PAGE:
Depending on the mutual exclusion policy and the importance of the presently “focused” application's execution, the “focused” application is likely to suspend its operations in step 706. During the interrupt handling in step 708, the answering machine program 106 becomes the “focused” application of MASE 102 without having to respond to “switch to” voice commands. In other words, in this scenario, answering program 106 starts executing from step 612 as shown in FIG. 6. Similar to previous discussions on FIG. 6, a user may begin manipulating the answering machine 406 through application specific voice commands. After the user is finished and the interrupt is handled, the user is given the option to “switch to” other available speech applications in step 710. An alternative method would permit the originally “focused” application, or device control program 104, resumes control in step 710 and continues executing from just prior to the occurrence of the interrupt. As has been shown, device control program 104 and answering machine program 106 transition back and forth seamlessly.
It should be apparent to one ordinarily skilled in the art to either implement interrupt manager 204 to monitor interrupts constantly or periodically. It should also be obvious to one with ordinary skill in the art to either construct interrupt manager 204 as an individual entity for all speech applications or as part of each listener 202. It should further be contemplated that interrupt manager 204 may issue commonly known message to speech applications or store such messages in central information object 200. If interrupt messages are stored in central information object 200, speech applications then need to either monitor information central information object 200 constantly or periodically.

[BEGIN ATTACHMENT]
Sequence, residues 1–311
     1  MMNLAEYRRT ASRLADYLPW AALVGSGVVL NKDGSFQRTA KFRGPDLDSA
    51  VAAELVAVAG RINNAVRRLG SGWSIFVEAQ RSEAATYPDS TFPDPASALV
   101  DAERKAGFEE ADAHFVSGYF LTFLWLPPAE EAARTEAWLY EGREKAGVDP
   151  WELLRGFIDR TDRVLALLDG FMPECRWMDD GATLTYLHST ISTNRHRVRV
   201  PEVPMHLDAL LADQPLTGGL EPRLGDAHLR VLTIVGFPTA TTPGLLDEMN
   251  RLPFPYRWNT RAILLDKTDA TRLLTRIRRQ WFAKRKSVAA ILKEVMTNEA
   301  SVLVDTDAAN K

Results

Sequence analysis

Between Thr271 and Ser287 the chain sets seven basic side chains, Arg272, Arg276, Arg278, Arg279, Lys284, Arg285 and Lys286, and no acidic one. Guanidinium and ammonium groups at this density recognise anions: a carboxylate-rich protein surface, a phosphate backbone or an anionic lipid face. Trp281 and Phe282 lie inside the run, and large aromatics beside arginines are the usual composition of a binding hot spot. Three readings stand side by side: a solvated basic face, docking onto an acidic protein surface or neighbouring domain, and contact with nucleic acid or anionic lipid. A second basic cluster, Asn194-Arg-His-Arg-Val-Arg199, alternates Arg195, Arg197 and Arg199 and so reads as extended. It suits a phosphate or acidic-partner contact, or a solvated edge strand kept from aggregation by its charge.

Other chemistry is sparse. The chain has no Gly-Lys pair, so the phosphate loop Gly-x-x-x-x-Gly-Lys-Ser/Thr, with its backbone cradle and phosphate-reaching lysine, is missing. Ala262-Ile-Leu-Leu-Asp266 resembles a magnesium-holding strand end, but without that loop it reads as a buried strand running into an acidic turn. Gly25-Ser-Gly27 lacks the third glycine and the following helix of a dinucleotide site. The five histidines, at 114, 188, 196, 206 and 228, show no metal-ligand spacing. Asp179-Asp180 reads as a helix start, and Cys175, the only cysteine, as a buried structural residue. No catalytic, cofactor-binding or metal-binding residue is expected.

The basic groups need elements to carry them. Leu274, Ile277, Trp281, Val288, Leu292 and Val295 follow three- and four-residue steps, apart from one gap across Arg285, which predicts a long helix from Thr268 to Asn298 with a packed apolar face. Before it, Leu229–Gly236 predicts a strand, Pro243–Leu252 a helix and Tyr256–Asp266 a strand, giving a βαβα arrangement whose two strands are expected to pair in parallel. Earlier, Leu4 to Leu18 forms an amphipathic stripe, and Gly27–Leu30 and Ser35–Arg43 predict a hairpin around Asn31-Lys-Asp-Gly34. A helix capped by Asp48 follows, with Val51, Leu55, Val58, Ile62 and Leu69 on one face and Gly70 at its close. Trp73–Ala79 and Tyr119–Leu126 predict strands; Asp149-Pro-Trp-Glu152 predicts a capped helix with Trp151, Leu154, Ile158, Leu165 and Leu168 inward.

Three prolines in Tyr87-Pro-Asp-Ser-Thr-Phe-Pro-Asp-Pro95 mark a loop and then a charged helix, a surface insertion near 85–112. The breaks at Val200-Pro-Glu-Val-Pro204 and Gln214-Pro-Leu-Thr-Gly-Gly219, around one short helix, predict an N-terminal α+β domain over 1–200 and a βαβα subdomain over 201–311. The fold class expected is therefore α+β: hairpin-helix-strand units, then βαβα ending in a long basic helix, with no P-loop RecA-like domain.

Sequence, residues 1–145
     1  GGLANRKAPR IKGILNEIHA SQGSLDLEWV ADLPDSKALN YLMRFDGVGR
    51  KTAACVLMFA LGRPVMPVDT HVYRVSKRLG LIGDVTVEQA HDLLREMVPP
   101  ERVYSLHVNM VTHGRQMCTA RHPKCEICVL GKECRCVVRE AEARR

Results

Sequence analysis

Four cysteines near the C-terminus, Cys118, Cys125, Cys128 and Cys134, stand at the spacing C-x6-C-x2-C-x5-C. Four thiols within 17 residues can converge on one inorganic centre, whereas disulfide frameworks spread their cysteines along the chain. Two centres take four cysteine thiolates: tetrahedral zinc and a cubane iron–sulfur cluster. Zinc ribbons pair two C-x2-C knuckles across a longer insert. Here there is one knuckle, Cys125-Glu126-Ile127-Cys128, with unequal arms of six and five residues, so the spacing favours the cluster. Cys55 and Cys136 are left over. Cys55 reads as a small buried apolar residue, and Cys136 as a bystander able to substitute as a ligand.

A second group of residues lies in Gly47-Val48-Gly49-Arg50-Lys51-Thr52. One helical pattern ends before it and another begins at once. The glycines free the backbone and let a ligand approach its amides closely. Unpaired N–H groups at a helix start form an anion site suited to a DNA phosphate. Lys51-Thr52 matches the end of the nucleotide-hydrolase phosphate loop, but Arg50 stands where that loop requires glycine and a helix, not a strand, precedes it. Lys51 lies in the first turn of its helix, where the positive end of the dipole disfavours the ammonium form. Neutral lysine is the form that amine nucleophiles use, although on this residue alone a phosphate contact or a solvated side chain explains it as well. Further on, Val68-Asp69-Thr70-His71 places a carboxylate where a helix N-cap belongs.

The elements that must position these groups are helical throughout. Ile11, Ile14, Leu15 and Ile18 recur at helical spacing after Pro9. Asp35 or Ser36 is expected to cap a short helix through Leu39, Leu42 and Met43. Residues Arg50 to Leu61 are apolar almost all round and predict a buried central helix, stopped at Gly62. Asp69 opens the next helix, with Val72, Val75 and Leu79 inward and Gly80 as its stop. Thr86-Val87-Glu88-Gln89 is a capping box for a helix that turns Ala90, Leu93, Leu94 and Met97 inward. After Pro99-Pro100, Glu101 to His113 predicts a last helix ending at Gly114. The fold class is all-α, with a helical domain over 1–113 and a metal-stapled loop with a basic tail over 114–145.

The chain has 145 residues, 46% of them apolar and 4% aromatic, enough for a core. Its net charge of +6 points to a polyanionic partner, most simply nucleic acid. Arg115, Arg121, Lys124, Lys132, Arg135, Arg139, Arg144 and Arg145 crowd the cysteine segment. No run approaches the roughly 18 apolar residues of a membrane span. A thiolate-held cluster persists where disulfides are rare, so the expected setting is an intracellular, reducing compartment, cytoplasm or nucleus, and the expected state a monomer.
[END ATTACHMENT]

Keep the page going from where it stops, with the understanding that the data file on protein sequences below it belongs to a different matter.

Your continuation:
When a remote user and a local user are simultaneously using the present invention, some additional user feedback aside from typical display notifications and sound notifications may be necessary. For instance, when device control program 104 is suspended in step 706, issuing a notification of “waiting for processing” may be necessary to the local user. On the other hand, if device control program 104 is executing a critical portion of its routine and the incoming interrupt must wait, a notification of “system busy, please try again” may be necessary to the remote user. In any event, informing users the status of their requests improves the perception of a seamless integration among different speech applications.
Thus, a method and apparatus for managing multiple speech applications has been disclosed. Although the present invention has been described particularly with reference to the figures, it will be apparent to one of the ordinary skill in the art that the present invention may appear in any number of systems which provide management of multiple speech applications. It is further contemplated that many changes and modifications may be made by one of ordinary skill in the art without departing from the spirit and scope of the present invention.
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|U.S. Classification||704/270, 704/E15.047, 704/275, 704/E15.049, 704/276|
|Cooperative Classification||G10L15/30, G10L15/32|
|European Classification||G10L15/30, G10L15/32|
|Nov 5, 1998||AS||Assignment|
Owner name: INTEL CORPORATION, CALIFORNIA
Free format text: ASSIGNMENT OF ASSIGNORS INTEREST;ASSIGNOR:COX, CORY W.;REEL/FRAME:009571/0780
Effective date: 19981026